Peace work means being committed to pacifist values, challenging militarism, changing violent masculinities, and decolonizing our relationship with and understanding of our settler-colony state. Despite rabble rousing misrepresentations of the white poppy in the media, LGBTOUT would like to make clear that this is not a for/against the veterans issue. This is to oppose both political elites and how violence is normalized and glorified today.

Today, we are more threatened by our state and what it does abroad in our name. Canada is now committed to a misguided war in Iraq. The Canadian state now supports neo-colonial states and corporations.

The Canadian Government will misuse our memory as Remembrance Day approaches. WW1 and WW2 were fundamentally different from contemporary conflicts.

We feel the lessons of peace have not been learned.​

2. LGBTOUT Statement on the UTSU AGM

LGBTOUT Statement on the Oct 29 AGM
Concerns:
1. The reforms we wanted passed were voted down.
2. More important motions were not discussed
3. Everybody needs to make the space safer next time.
Full text http://lgbtout.wordpress.com/2014/11/03/lgbtout-statement-on-the-agm/

3. Like Salome on Facebook

Our fabulous host Salome has a new facebook. Like it to stay updated about one of Toronto’s most fabulous Drag Queens!

https://www.facebook.com/salomeburlesquequeen

4. Queer Faith History Series


Queer Faith History Toronto, the fall 2014 Qu(e)erying Religion series, will profile inspiring stories from leaders in the early years of Toronto’s LGBTQ faith and spirituality groups to engage in informative, inspiring discussion. Gather. Learn. Inspire.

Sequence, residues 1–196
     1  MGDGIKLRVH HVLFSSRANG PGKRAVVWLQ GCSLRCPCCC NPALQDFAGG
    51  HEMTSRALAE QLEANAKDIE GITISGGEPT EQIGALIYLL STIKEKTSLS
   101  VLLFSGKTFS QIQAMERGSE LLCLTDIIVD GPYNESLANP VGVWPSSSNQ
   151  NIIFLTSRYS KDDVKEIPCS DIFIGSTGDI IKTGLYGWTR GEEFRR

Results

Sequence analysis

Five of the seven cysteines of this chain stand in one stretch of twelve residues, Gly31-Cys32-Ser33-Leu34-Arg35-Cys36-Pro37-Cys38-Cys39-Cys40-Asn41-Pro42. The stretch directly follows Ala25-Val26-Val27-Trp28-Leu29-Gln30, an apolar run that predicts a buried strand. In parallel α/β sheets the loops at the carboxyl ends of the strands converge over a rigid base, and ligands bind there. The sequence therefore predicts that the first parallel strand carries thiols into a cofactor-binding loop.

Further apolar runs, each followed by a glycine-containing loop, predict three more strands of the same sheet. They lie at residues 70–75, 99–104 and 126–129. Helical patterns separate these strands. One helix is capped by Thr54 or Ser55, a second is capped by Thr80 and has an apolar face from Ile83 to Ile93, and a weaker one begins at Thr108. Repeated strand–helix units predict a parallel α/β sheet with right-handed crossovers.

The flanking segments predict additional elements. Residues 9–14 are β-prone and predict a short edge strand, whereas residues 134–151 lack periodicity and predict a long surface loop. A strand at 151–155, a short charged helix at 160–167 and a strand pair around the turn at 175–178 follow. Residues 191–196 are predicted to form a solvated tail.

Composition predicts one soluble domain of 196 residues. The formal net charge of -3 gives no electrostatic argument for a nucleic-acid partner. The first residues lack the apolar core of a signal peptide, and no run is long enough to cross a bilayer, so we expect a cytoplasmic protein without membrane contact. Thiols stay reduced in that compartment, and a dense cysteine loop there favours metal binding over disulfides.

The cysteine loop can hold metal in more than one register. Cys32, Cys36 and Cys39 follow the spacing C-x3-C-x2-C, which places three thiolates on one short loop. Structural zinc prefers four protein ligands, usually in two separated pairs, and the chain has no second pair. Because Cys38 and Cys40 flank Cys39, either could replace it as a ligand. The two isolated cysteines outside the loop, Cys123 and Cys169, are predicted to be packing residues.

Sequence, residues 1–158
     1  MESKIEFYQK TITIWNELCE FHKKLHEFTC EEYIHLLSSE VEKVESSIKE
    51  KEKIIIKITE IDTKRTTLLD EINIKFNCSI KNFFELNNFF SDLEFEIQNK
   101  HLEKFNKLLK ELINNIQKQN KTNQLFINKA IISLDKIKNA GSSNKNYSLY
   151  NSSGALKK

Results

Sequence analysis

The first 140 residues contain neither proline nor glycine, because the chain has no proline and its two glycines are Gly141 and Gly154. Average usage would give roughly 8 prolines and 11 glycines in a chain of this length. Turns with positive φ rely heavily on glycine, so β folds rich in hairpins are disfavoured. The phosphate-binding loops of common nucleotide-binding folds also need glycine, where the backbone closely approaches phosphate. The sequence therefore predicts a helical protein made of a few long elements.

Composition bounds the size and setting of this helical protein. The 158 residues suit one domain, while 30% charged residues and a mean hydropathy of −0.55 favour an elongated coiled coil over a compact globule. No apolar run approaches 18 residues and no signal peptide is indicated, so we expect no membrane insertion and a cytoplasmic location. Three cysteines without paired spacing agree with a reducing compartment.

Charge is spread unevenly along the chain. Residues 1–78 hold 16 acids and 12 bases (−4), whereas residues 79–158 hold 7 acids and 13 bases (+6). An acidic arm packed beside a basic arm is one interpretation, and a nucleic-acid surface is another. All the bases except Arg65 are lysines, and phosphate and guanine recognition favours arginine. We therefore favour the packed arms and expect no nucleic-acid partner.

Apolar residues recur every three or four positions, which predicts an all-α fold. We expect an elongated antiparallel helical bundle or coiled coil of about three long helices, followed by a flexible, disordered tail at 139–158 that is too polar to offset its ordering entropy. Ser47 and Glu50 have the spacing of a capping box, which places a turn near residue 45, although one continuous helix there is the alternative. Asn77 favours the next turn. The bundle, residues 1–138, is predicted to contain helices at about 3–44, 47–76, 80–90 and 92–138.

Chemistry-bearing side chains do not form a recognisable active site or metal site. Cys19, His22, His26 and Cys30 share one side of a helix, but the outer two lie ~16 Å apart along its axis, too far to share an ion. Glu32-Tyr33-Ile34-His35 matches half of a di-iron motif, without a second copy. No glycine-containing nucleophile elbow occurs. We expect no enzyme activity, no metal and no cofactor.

Our next event will be on 12 Nov from 5-7pm, including a light supper in the COOP, St. Michael’s College. Our guests will be Richard Isaac and Andy Spiece from SAGA! All are welcome! Facebook event link: https://www.facebook.com/events/717634228332415/

5. “Anatomy of a Protest: The Art of Infiltration” Panel Discussion / Week 9 of “The Politics and Poetics of Visibility”


WEDNESDAY, NOVEMBER 12th, 7:00 pm
University of Toronto Art Centre

    Wendy Coburn’s first major solo exhibition in Toronto centres on her recently completed video “Slut Nation: Anatomy of a Protest,” which revisits the world’s first Slutwalk protest. Grass-roots and spontaneous, the 2011 protest offered an important rebuttal of a Toronto Police officer’s comments at a safety and security panel at York University, drawing attention to the ways in which gender stereotyping diverts the focus from the perpetrators of violence, and blames survivors of sexual assault instead. The protest’s critique of the persistence of rape culture inspired countless satellite protests across the globe. Coburn’s reconstruction of the 2011 protest highlights the movement of an organized group of provocateurs, including their representation in the media, as they march three blocks from Queen’s Park to the Toronto Police Headquarters. Bringing together footage and photographs taken by citizen journalists, the media, and the artist’s friends, Coburn’s work draws parallels to the haunting history of the infiltration of protests in Toronto, including those following the gay bath-house raids in 1981 through to the largest mass arrests of citizens in Canada at the G20 in 2010.